Today’s competitive bidding process reflects the challenging economic climate — timelines are shorter and client expectations are higher. Sustainability benchmarks and initiatives such as LEED, Part L, 2030 Challenge, and Title 24 are more demanding than ever and the minimum compliance values are getting tighter. More and more, architects need to demonstrate their design and sustainability expertise even during the bid and proposal stages to stay ahead of the pack and win more bids. This article shows three ways that architects can achieve this.
#1. Design High Performing Buildings
By basing design decisions on analysis, you demonstrate a commitment to sound, sustainable design and show upfront that you can meet the project’s performance goals – edging forward in the race to become the winning practice.
High performance buildings are created by the seamless integration of all aspects of the design from concept to construction – contextual, aesthetic, material and structural to mention a few. Needless to say, architects possess the unique ability and responsibility of taking these factors into consideration from the very start by asking crucial questions such as:
What is the ideal building form and orientation within the site’s constraints?
Where should the building be located on the site
- What are the best passive strategies?
With iterative tools like Sefaira, all of these questions can now be answered without the usual costs and time associated with validation analysis. Sefaira provides real time feedback within the architect’s drawing tool, making it practical and easy to include these kinds of explorations within bids. Showing you’ve taken contextual and economic factors into serious consideration garners client confidence and increases your chances of winning the bid.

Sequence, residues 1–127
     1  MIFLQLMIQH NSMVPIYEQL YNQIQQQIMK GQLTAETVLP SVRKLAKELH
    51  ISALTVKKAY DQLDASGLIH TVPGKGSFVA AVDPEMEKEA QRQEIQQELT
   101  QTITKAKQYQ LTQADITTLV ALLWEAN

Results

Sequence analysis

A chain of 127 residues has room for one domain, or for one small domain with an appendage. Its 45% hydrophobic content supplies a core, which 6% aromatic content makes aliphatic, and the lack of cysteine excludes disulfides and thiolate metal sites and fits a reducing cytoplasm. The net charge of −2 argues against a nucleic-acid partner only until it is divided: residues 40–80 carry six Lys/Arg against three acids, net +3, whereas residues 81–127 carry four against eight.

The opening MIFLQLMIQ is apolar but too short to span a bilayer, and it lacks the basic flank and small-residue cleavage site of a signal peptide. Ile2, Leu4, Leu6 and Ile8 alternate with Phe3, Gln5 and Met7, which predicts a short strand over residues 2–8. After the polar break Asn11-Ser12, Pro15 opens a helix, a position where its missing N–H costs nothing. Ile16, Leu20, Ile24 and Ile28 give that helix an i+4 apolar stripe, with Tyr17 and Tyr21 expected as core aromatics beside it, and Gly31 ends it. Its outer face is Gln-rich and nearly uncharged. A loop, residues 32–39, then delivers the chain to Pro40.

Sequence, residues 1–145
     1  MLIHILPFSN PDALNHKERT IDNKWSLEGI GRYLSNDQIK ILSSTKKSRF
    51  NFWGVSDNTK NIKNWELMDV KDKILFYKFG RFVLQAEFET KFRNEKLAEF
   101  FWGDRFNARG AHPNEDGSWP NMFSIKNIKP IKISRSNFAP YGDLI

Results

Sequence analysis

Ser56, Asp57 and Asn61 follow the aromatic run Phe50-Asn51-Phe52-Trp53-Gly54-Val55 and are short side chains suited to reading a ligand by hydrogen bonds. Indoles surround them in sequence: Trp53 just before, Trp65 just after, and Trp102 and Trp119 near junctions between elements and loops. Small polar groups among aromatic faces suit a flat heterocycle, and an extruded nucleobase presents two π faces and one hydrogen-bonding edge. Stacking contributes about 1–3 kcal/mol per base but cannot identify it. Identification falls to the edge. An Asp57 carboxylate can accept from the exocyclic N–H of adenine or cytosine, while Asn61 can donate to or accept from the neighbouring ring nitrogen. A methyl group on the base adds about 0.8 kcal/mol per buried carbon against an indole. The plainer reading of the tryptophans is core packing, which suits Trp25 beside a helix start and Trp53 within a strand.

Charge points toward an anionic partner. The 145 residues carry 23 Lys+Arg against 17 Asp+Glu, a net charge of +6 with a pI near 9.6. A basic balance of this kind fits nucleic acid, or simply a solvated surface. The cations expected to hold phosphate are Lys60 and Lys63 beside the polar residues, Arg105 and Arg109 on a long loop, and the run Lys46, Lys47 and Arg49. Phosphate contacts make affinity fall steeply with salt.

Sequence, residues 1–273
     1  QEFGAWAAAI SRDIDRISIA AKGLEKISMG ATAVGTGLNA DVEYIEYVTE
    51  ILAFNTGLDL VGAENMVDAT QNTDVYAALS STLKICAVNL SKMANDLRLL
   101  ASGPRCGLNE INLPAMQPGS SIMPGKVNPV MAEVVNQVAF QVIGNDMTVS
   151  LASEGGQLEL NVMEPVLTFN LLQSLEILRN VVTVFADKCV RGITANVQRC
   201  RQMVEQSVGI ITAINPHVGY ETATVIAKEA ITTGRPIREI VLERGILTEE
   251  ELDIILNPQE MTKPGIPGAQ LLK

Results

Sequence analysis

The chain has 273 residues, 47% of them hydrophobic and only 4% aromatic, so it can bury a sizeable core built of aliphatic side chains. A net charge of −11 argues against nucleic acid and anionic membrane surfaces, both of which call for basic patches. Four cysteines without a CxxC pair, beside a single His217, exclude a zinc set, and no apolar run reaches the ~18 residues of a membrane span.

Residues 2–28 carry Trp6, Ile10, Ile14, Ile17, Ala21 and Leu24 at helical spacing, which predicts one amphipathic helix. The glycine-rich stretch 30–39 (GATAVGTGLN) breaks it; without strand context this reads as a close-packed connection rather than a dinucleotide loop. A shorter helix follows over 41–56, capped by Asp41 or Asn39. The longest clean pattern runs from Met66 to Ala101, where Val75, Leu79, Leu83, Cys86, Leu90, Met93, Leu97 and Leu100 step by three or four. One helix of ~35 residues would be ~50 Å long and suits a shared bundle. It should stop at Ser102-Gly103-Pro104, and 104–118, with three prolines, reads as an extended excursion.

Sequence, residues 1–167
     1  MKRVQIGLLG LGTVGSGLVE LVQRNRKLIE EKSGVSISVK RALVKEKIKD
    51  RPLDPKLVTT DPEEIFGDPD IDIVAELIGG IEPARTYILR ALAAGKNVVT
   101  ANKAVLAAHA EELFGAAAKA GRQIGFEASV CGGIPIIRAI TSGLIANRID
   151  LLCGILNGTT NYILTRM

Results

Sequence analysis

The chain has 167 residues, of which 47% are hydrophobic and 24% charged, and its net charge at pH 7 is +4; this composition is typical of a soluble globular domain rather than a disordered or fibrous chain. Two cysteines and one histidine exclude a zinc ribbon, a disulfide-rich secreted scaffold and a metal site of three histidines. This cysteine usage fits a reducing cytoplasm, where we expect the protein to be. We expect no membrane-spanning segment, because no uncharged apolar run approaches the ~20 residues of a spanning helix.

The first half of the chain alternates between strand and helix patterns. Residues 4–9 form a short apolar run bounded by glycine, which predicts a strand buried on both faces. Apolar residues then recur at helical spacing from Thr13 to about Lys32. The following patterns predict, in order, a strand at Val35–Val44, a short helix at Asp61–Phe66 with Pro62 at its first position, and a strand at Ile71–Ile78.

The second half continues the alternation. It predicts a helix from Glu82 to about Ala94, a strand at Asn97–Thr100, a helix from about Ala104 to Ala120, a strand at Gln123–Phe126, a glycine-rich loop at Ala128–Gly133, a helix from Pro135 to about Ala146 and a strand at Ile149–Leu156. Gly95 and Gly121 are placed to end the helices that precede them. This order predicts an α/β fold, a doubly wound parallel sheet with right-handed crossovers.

In answering these questions, and selecting the right form, location and orientation, designers could also greatly impact construction and operational costs for the benefit of clients and future occupants. In certain cases, such as civic and institutional projects, the built work will eventually be occupied by the client who commissions it. Delivering a building that performs well would certainly stand the designer in good stead for future commissions.
#2. Create a Clear Design Trail
Convince your client why your design should be selected by presenting a logical, data-driven design sequence. This shows off a rigorous design approach and cements the impression that your design is the unavoidable solution to the brief’s requirements. It also suggests to potential clients that, should you win the bid, you would seek to engage them in meaningful discussions during the decision making process.
For example, illustrating why a courtyard massing option has been selected over a super block would help clients understand the soundness of your design. For instance:
- With the courtyard option, natural ventilation is possible and the daylight potential is increased
- This leads to a lower energy use intensity
- As a result, operating costs are lower
- And capital costs are lower because a smaller mechanical plant is needed
A documented design methodology is particularly crucial for public sector bids. By providing clients with a comprehensive design proposal — that is far more considered than usual at bid stage– architects would distinguish their schemes and take a confident stride toward winning the job. Sefaira allows architects do these comparative reports and much more at the early design stages.
#3. Consolidate your Firm’s Reputation
An architect’s portfolio speaks volumes. Boasting a selection of high performing buildings, that were designed using early stage analysis, offers any firm a unique advantage in the industry. It would be beneficial to present early stage analysis alongside post occupancy reports to demonstrate your ability to see a project through from concept to built form and to deliver buildings that meet and possibly outperform sustainability goals.
A strong portfolio of high performing buildings provides hard evidence of competence levels, and reassures potential clients of a practice’s sustainability expertise. Overall, this lends credibility to a design and sets it clearly apart from the competition.
Beyond aesthetics and function, corporate, government and private clients are being driven to select competent designers by contextual, environmental, social and economic factors. As we get ever closer to Zero Carbon & Energy targets and maintain a steady climb out of the global economic slump, it is necessary, now more than ever, that architects arm themselves with a tool that makes accurate analysis fast, the bidding process low-cost and the probability of winning higher.